I'd argue that this has been happening since the student revolts of the late 60s. From that point on, people with power and chartered to defend learning and civilization have given in to ignorant barbarians armed with little more than loud voices.

These self-defeated invertebrates didn't take responsibility for their failings and publicly admit that they weren't as strong as they should have been. Instead, they created a world view that made a virtue out of surrender. Their positions of power in academia gave their whiny self-justifications an air of intellectual respectability that they never deserved.

The result is multiculti nonsense, the worship of youth, racialist dogma and more. What started as a rout of terrified university administrators, particularly in the Ivy League universities, has become the dominant religion in the US. Its catechism is now taught in almost all public schools and is repeated throughout our popular culture.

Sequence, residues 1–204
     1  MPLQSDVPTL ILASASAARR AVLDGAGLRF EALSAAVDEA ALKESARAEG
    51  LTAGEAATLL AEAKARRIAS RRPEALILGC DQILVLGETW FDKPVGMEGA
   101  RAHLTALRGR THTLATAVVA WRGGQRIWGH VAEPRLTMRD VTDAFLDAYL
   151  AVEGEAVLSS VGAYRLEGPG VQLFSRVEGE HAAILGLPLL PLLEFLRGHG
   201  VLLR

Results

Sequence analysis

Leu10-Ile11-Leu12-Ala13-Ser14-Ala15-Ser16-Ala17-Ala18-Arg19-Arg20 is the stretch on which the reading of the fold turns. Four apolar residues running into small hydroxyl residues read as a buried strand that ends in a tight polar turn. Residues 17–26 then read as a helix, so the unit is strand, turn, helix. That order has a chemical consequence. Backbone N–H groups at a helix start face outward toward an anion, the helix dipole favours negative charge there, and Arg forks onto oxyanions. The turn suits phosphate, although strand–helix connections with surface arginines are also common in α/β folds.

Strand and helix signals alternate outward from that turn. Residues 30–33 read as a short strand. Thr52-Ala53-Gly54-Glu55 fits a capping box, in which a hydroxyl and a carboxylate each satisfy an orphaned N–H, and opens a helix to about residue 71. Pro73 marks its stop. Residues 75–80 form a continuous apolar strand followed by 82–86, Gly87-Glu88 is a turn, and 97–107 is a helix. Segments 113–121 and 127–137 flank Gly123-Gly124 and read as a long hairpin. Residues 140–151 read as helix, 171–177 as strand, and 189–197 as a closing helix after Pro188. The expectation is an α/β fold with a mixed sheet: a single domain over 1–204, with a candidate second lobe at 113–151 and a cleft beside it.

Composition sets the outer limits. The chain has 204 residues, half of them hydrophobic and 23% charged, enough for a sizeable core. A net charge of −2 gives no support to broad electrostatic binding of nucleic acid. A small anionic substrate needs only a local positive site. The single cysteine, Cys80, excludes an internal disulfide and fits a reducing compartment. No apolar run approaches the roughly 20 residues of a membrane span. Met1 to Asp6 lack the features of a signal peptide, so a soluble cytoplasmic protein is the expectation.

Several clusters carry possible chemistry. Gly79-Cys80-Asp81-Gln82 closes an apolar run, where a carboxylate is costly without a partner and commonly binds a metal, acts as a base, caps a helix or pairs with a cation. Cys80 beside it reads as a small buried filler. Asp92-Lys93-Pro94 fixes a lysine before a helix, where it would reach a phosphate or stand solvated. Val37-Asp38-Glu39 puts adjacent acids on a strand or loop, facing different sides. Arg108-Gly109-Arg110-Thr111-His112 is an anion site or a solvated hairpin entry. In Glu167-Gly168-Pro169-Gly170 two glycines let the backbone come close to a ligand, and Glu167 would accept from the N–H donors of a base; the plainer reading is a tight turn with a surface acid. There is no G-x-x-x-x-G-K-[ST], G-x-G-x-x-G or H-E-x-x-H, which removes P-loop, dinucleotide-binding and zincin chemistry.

This interpretation of the situation explains a lot of things to me, in this case how a major presidential candidate allowed his supporters to be forced to go home without hearing his speech and he's not universally called a poltroon.

Sunday, August 16, 2015

Ginormous Moth

I'm hoping the redoubtable Tim can help out here. I tried to use the Moth Identification Guide on this big brute, but came up short. The wingspan was about 6" or more and once it got into the house it was like trying to catch a small bat. Once I got it in the net and took it outside, it rested and allowed me to take some photos. I left the photos large because the whole event was so unusual.


Saturday, August 15, 2015

Spider Silhouette

This creature was hanging in its web. seemingly suspended in space right outside our kitchen this morning. If you click on the image, you can see the hairs on its body. Enjoy!

Friday, August 14, 2015

Well, This Is Comforting

You've got to hand it to the Clintons and their drooling lapdogs. They certainly can come up with whoppers to amuse you. Dig this from that California airhead Diane Feinstein.